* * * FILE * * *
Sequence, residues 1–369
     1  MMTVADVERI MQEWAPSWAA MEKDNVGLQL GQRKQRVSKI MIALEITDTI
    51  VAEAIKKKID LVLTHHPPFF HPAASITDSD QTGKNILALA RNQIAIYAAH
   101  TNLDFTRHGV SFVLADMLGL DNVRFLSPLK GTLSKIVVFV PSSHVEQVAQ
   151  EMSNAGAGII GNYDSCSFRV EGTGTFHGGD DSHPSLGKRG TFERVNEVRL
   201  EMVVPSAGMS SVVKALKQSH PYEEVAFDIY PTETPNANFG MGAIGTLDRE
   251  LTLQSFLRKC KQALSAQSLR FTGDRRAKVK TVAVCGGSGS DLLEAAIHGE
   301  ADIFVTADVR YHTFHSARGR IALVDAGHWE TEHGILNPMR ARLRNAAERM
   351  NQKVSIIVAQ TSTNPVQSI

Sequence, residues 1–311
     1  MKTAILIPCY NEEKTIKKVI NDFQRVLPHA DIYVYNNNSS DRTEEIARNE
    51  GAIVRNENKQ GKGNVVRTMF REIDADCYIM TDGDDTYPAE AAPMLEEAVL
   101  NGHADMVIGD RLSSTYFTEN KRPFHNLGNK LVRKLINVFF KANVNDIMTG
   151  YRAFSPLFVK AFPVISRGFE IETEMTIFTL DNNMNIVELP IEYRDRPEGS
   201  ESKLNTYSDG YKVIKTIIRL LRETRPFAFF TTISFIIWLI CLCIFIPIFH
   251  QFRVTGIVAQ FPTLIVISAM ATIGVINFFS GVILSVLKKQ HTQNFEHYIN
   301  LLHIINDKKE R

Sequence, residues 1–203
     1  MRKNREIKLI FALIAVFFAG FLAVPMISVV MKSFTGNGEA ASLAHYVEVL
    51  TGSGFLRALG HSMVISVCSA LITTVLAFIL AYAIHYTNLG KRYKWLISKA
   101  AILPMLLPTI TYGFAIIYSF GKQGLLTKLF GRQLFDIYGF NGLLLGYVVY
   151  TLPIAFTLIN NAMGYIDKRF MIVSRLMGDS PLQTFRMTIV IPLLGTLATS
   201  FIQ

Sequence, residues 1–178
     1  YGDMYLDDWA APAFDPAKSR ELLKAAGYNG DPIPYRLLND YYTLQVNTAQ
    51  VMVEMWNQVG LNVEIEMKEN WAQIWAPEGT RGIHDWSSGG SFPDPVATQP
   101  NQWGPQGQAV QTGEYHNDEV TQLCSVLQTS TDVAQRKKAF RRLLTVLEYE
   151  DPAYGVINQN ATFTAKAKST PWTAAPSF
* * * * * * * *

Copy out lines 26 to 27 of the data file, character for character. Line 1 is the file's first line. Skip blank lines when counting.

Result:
    51  VMVEMWNQVG LNVEIEMKEN WAQIWAPEGT RGIHDWSSGG SFPDPVATQP
   101  NQWGPQGQAV QTGEYHNDEV TQLCSVLQTS TDVAQRKKAF RRLLTVLEYE